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March 2019

Turning Loss into a Win Kelsey Johnson’s basketball success at Santa Fe High School

Pine Pantry

Aley Cristelli champions the metro’s Little Free Pantry movement

Local Eats:

Matty McMillen’s Family-friendly sports bar with an Irish twist

Swine Week Giving back to the community


Features

Have you ever met anyone famous? That topic of conversation came up the other night while having dinner with friends. I enjoy hearing stories from each person. Sports figures, a newscaster, a famous author - all good tales. When the focus came around to me, I started by asking, “Do you want to hear about Charles Schulz, Howard Stern, Brooke Shields or Sir Anthony Hopkins?” I now have their attention. We decide to go with Brooke. When I was 15 years old, Brooke Shields and her mom moved to my small, quiet northern New Jersey town of Haworth. To be more specific, they moved one house away from mine. Their home was like a minimansion - almost a castle. It was slightly out of place on a street populated with tidy modest homes. News of the famous, young actress and model moving in caused quite a stir in town. On moving day, like my other nosey neighbors, I just happen to be outside hoping to catch a glimpse of Brooke, but all I really see are moving vans and boxes. I’m about to give up when I see a neighbor and school friend, Lynn, walking toward my house - with Brooke Shields. Oh wow. Lynn lives on the other side of Brooke’s house and somehow she met her. As they approach, Lynn introduces me and tells me they are walking downtown so Brooke can get a few things from the pharmacy. Brooke invites me to come along. Oh wow again. And we all head downtown. I honestly don’t remember much about the conversation just the experience. I lived in that neighborhood another four years and never saw or spoke to Brooke again. What did Brooke need at the pharmacy? She bought a toothbrush and toothpaste. Thanks, Brooke, for a truly great ‘brush’ with fame story.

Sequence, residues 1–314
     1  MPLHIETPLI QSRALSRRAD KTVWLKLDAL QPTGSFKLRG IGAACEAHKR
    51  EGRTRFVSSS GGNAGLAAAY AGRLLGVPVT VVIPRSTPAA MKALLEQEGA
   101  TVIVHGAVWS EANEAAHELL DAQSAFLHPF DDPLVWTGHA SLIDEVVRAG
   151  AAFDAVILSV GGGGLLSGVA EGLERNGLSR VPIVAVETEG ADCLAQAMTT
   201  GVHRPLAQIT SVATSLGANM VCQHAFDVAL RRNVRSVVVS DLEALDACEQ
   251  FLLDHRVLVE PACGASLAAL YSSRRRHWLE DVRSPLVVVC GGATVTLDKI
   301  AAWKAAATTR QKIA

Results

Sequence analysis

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ASK EDMOND

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HOME FEATURE: TURNER & SON

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Building custom homes on your own land LOCAL EATS: MATTY MCMILLEN’S

Family-friendly sports bar with an Irish twist

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Locals talk DIY disasters

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PINE PANTRY

Aley Cristelli champions the metro’s Little Free Pantry movement TURNING LOSS INTO A WIN

Kelsey Johnson’s basketball success at Santa Fe High School

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HALF PRAIRIE, HALF FOREST

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SWINE WEEK Q&A

Trees reveal Edmond’s storied history Giving back to the community

Business

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THE VERADEN

Premier Edmond Senior Living Community PINOT’S PALETTE EDMOND

New guided painting studio opens in Edmond

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LOUISE TUCKER JONES

Letter To My Son

Dave Miller Back40 Design President Cover photography by Marshall Hawkins

ADVERTISING l Laura Beam at 405-301-3926 l laura@edmondoutlook.com MAILED MONTHLY TO 50,000 HOMES IN EDMOND/NORTH OKC 80 East 5th Street, Suite 130, Edmond, OK 73034 l 405-341-5599 l edmondoutlook.com l info@edmondoutlook.com March 2019 Volume 15, Number 3

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Edmond Outlook is a publication of Back40 Design, Inc.

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© 2019 Back40 Design, Inc.